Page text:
Last month, the mainstream media endorsed the Pentagon’s description of a collision between an American interceptor rocket and a mock intercontinental ballistic missile over the Pacific Ocean as the “first successful test of whether it could shoot down a North Korean warhead racing toward the United States.” Nonsense!
The reality of anti-missile defense, whether called anti-ballistic missiles, “Star Wars,” or today’s National Missile Defense is—in Yogi Berra’s ironic words—a continuing story of “deja vu all over again.” For the past sixty years, an alliance of weapons laboratories and defense contractors have exaggerated the military threat that these systems are supposed to meet as well as the potential for the success of these systems.
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The Middle East: America’s Briar Patch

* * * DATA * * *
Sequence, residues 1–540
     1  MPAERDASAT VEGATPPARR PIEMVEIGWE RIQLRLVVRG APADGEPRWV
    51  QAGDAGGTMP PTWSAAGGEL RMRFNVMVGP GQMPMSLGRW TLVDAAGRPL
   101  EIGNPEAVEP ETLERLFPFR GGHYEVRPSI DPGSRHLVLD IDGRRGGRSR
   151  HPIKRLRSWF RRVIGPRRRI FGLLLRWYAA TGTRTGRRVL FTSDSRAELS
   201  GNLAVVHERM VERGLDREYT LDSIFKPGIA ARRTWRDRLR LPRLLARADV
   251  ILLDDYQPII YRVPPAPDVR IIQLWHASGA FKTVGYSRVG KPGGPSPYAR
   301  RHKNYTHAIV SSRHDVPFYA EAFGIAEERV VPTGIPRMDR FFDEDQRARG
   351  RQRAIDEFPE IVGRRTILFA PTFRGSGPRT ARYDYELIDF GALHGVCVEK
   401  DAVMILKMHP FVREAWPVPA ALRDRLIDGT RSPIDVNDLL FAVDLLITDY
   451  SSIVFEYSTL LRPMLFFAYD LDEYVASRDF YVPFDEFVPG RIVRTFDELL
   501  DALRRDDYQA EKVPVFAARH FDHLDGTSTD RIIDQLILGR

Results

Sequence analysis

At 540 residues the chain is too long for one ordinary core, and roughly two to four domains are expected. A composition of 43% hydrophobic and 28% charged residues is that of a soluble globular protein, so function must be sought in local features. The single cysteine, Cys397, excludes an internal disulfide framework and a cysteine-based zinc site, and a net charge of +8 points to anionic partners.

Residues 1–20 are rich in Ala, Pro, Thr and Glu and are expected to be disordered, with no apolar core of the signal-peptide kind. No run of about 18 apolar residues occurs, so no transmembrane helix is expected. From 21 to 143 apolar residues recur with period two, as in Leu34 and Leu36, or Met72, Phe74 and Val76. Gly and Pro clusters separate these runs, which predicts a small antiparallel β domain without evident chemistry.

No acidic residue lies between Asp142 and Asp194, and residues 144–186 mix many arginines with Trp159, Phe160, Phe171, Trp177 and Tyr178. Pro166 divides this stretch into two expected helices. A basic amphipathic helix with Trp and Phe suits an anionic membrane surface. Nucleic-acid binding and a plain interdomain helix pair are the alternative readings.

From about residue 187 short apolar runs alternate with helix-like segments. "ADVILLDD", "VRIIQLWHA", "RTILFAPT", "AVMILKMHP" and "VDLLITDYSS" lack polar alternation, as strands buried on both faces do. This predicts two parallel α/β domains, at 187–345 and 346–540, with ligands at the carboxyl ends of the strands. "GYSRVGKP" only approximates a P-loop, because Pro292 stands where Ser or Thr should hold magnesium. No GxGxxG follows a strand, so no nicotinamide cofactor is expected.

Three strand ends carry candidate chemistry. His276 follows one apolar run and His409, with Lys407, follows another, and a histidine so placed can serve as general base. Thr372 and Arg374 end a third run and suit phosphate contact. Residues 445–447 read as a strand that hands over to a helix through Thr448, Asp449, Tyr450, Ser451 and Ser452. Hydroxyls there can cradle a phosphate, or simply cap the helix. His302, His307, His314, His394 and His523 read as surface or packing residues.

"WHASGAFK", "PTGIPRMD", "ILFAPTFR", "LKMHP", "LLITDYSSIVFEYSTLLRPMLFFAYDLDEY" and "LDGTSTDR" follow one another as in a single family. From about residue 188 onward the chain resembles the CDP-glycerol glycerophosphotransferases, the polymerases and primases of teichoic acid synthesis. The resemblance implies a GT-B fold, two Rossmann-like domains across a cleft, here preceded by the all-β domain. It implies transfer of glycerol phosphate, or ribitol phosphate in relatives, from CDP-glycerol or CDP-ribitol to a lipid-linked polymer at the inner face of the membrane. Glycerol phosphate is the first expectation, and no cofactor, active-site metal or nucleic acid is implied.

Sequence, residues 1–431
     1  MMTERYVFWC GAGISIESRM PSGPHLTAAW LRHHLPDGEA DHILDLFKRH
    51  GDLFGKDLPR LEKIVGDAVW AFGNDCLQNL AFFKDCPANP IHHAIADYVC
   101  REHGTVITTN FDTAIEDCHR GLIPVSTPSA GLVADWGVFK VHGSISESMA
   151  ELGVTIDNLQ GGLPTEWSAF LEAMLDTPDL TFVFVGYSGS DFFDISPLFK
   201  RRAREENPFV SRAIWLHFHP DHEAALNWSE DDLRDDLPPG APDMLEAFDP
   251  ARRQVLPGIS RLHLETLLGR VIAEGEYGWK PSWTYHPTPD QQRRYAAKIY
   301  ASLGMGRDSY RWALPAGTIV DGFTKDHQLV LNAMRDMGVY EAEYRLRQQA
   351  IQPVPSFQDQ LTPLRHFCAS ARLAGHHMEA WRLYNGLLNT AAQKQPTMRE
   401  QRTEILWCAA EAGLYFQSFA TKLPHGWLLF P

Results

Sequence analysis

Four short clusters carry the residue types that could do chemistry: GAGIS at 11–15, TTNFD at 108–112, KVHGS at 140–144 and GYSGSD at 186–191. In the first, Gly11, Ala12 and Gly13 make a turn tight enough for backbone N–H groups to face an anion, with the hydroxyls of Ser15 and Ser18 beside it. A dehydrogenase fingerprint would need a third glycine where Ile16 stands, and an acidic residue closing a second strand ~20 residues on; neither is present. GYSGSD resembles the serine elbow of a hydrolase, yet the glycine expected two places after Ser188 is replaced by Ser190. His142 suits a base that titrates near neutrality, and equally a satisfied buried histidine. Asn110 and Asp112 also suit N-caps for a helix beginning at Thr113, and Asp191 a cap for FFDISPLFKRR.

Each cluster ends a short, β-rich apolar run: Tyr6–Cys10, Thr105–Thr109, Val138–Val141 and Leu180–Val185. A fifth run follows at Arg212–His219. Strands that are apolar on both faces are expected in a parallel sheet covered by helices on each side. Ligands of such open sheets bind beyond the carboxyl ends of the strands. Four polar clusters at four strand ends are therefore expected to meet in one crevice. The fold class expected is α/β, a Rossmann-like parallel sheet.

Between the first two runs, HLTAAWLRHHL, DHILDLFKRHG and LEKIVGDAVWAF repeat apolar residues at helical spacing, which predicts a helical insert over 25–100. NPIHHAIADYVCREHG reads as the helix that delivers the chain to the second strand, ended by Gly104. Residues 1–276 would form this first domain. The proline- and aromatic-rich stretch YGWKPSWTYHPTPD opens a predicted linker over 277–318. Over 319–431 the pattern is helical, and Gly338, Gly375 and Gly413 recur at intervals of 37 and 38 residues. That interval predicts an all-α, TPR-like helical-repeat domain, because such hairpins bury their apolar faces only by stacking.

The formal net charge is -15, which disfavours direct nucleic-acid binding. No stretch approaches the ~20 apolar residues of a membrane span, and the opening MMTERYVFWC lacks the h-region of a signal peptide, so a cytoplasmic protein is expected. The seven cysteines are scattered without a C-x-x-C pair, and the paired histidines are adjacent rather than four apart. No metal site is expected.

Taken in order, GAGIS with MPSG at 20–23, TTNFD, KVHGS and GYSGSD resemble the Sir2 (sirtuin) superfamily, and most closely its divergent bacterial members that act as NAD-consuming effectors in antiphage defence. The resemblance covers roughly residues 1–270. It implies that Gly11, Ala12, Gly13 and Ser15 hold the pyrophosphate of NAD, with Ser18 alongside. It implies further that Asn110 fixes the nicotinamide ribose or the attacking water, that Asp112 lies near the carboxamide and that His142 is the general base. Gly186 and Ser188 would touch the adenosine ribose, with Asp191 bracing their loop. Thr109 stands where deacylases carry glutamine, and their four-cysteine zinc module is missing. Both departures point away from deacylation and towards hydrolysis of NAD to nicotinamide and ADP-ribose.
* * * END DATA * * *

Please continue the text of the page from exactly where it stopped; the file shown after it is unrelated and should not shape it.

It is foolish to believe that the United States could easily withdraw political and military resources from the Middle East, which has been our “briar patch” since we adopted a policy of one-sided support for Israel in the wake of the Six-Day War in 1967. For the past six decades, no international issue has preoccupied the attention of U.S. presidents as much as the Middle East. The renewal of violence between Israel and the Hamas government is a reminder of the harm that stems from Israeli unwillingness to pursue Palestinian self-government; the policy of “apartheid;” the racist legislation introduced by left-wing Labor governments in the 1970s to deny Palestinians their ownership rights; and—the ultimate Catch-22—its policy of demolishing houses built without permits that the Israelis refuse to issue.
My lawsuit against the CIA
Attorneys sparred before a Fourth Circuit panel on Tuesday over the constitutionality of a policy implemented by four federal agencies, which requires former intelligence agency employees and military personnel to obtain the government’s permission before publishing works that relate to their service.